On the heels of two reports highlighting – and criticizing – Qatar’s media landscape, the Peninsula has openly acknowledged that local newspapers here publish press releases verbatim, avoid investigative reports and generally toe the line to stay in business.
“Qatar’s newspaper industry is busy pleasing people by lavishing praises, whereas they should be a mirror to the society and government. Their job is to point out errors and irregularities and not lavish praises,” said a media analyst not wanting his name in print due to the sensitivity of the issue…
Journalists have become lazy and are concerned about their survival and that explains why they have become dependent on press releases, news conferences, launches and boring lectures to fill the local pages of their newspapers.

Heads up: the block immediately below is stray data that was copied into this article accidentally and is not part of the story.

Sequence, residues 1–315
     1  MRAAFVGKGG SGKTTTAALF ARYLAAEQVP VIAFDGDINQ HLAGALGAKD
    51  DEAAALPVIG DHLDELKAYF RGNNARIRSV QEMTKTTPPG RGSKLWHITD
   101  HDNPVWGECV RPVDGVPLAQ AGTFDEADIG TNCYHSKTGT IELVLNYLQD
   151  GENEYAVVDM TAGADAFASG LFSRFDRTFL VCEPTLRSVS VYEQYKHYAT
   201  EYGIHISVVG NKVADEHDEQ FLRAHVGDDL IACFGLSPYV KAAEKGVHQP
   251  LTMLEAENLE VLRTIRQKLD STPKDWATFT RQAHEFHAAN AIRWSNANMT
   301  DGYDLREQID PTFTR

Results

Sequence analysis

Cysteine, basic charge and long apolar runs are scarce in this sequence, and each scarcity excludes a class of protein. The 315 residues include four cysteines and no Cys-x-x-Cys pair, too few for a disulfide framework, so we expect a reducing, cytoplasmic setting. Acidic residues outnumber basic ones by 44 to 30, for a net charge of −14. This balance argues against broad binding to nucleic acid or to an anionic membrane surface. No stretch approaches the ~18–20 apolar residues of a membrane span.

The newspaper also insists that the whole system needs overhauling, from adjusting the expectations of pushy public relations and government agencies to raising journalists’ pay so more locals will enter the industry:
Some institutions consider themselves as holy cow and their often arrogant officials insist that their press handouts be published without any alterations or editing. Corporate releases seldom have anything concrete to say and their whole purpose is to gain cheap and free publicity…
It is not surprising that media freedom is a casualty in Qatar, say critics. According to them, one cannot expect expatriate journalists to bring about the desired changes, for they cannot be bold and critical. “If nothing, an expatriate journalist writing critically can be fired by his boss. So he is a weak link in the entire cycle,” said a critic.
Even if salaries are raised, good journalism requires taking risks and working long hours, making it difficult to attract Qataris to the field, it added.
Credit: Photo by Marvin Fernandez